Abstract HTML Views: 296 PDF Downloads: 206 Total Views/Downloads: 574
Abstract HTML Views: 179 PDF Downloads: 137 Total Views/Downloads: 365
The wild relatives are an important source of new genes for the genetic improvement of wheat. Leaf and stripe
rust resistance genes Lr54 and Yr37 occur on an Aegilops kotschyi-derived chromosomal translocation that had apparently
replaced wheat chromosome arm 2DL. The alien chromatin also includes the locus of a gene for reduced plant height (H),
which appears to be different from Rht8 on chromosome arm 2DS. The introgressed genes were mapped relative to
homoeologous wheat marker loci following the induction of chromosome pairing in translocation heterozygotes that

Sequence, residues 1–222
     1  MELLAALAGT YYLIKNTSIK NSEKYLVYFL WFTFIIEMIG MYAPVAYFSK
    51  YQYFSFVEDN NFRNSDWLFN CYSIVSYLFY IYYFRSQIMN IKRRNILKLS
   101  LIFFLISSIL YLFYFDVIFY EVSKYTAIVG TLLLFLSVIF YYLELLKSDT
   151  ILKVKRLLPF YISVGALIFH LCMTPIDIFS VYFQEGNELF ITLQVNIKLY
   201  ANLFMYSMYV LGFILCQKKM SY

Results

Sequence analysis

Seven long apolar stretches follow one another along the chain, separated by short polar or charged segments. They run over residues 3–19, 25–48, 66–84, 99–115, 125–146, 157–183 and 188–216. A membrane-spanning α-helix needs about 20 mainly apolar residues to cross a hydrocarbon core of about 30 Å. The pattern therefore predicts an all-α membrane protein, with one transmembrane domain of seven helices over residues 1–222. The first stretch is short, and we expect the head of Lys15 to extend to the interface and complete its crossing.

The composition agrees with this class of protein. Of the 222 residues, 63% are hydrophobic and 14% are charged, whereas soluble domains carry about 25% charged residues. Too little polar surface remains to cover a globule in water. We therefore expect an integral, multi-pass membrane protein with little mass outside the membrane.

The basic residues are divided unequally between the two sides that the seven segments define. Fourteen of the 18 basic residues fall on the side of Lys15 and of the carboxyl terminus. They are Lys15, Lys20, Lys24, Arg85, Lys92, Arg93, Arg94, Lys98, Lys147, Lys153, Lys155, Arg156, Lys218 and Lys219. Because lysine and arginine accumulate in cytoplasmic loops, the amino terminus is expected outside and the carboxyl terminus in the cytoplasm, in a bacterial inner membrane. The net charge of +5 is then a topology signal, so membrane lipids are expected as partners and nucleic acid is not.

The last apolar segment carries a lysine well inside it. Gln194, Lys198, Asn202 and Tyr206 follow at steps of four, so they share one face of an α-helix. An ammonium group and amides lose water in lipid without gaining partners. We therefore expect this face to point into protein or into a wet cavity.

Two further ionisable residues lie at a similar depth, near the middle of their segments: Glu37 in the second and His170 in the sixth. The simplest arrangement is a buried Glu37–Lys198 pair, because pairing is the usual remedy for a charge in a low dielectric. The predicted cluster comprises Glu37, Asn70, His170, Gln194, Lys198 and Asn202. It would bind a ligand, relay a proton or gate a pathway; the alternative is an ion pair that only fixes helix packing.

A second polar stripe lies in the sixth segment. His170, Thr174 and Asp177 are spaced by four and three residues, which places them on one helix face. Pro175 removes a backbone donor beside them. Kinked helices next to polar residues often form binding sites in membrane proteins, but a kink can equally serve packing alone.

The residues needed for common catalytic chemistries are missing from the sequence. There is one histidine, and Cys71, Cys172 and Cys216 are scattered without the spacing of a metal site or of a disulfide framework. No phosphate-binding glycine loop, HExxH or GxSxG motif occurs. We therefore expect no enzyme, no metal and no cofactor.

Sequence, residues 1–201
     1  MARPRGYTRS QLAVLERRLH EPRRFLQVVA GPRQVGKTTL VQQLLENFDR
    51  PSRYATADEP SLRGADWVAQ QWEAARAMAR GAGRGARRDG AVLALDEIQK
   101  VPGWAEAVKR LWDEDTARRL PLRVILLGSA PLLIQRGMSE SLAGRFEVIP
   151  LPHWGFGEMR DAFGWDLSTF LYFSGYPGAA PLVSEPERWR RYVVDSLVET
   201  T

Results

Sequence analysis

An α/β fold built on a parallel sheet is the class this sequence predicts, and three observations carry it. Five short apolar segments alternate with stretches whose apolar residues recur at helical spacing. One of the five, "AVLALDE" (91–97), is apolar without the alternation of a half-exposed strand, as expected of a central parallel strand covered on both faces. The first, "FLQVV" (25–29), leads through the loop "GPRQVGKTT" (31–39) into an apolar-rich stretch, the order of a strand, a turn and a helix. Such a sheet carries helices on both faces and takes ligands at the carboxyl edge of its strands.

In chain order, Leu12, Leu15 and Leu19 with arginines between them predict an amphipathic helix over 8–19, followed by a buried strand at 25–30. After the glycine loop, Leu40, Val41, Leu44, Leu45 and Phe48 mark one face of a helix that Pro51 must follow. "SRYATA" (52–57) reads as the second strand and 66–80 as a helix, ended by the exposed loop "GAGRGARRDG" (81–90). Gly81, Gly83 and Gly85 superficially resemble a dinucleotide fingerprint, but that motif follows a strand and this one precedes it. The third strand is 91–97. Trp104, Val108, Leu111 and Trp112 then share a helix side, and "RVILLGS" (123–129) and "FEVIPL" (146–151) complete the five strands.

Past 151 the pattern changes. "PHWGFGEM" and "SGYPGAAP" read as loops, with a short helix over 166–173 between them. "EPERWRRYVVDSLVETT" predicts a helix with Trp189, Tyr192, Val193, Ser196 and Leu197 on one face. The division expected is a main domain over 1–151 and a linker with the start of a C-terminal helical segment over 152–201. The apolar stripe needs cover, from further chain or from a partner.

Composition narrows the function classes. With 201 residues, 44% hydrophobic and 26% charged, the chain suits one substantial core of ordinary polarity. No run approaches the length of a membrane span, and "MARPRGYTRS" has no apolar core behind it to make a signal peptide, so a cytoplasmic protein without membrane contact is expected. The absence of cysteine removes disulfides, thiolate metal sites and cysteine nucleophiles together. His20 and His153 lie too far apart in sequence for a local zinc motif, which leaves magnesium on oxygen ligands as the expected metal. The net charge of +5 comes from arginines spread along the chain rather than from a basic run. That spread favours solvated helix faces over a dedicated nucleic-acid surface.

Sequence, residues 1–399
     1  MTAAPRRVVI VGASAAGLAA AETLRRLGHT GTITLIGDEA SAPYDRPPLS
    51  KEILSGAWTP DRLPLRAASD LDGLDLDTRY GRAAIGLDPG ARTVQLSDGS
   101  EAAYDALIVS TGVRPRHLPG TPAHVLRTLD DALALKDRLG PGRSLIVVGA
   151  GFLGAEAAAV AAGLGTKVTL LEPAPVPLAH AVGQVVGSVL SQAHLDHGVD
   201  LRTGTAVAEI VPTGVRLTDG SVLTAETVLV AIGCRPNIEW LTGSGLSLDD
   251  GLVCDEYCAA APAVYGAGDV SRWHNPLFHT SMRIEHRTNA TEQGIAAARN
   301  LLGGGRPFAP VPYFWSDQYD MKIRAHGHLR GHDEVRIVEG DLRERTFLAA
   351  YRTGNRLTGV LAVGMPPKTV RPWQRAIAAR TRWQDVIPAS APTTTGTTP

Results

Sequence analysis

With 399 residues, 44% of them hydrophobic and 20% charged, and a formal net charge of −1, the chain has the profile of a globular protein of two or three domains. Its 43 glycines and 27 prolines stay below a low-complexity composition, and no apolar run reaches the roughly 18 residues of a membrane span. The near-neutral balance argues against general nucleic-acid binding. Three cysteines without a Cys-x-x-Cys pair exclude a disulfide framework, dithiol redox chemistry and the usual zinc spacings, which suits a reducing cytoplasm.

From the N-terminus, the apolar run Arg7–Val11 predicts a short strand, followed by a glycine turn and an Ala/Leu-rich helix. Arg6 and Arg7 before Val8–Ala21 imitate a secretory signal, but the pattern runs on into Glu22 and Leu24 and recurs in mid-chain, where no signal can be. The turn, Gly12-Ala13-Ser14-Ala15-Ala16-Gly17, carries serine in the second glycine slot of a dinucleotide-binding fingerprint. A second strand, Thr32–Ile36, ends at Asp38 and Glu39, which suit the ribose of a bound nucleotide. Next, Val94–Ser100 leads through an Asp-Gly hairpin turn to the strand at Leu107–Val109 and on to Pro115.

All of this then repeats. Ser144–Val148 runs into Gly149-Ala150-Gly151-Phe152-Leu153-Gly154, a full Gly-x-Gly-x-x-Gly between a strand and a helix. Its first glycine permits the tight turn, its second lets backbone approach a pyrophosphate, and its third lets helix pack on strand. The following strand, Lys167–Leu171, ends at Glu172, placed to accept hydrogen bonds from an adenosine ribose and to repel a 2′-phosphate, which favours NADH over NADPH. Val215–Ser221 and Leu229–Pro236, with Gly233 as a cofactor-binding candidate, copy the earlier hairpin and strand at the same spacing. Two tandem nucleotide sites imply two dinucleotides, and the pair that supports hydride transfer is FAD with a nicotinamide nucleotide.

lacked the Ph1 locus. Ten recombined Lr54/Yr37 translocation chromosomes were derived and characterized with microsatellite,
AFLP and SCAR markers. The data suggested that there was significant homoeology between the full-length
translocated segment and the wheat 2DL chromosome arm. The recombined translocations apparently resulted from single
crossovers during which the distal end of the long arm of the translocation chromosome was replaced with wheat chromatin.
Recombinant (Lr54/Yr37-74) retained the least alien chromatin and both resistance genes, yet had lost the reduced
plant height gene. A polymorphic AFLP fragment was converted into a dominant SCAR marker to detect rec. #74. In
addition three wheat microsatellite loci that map to the introgressed region provide a useful recessive marker system to
detect Lr54/Yr37. The shortened translocation could be useful in breeding and may be used for continued, closer mapping
of the resistance genes.